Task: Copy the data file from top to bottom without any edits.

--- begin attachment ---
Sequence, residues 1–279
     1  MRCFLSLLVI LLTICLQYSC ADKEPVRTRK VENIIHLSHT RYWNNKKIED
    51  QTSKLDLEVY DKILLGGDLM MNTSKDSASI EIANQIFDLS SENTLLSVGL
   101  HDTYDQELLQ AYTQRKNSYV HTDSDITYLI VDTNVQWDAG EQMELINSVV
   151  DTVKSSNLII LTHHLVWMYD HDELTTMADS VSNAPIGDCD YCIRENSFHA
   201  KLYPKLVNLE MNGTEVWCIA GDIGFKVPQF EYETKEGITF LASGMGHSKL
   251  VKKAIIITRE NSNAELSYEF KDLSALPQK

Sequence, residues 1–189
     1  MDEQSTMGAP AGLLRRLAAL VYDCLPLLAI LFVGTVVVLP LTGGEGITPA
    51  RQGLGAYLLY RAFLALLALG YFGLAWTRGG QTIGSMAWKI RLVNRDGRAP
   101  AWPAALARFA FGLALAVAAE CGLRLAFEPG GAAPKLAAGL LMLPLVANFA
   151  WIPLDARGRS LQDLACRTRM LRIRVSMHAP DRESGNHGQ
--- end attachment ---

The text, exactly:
Sequence, residues 1–279
     1  MRCFLSLLVI LLTICLQYSC ADKEPVRTRK VENIIHLSHT RYWNNKKIED
    51  QTSKLDLEVY DKILLGGDLM MNTSKDSASI EIANQIFDLS SENTLLSVGL
   101  HDTYDQELLQ AYTQRKNSYV HTDSDITYLI VDTNVQWDAG EQMELINSVV
   151  DTVKSSNLII LTHHLVWMYD HDELTTMADS VSNAPIGDCD YCIRENSFHA
   201  KLYPKLVNLE MNGTEVWCIA GDIGFKVPQF EYETKEGITF LASGMGHSKL
   251  VKKAIIITRE NSNAELSYEF KDLSALPQK

Sequence, residues 1–189
     1  MDEQSTMGAP AGLLRRLAAL VYDCLPLLAI LFVGTVVVLP LTGGEGITPA
    51  RQGLGAYLLY RAFLALLALG YFGLAWTRGG QTIGSMAWKI RLVNRDGRAP
   101  AWPAALARFA FGLALAVAAE CGLRLAFEPG GAAPKLAAGL LMLPLVANFA
   151  WIPLDARGRS LQDLACRTRM LRIRVSMHAP DRESGNHGQ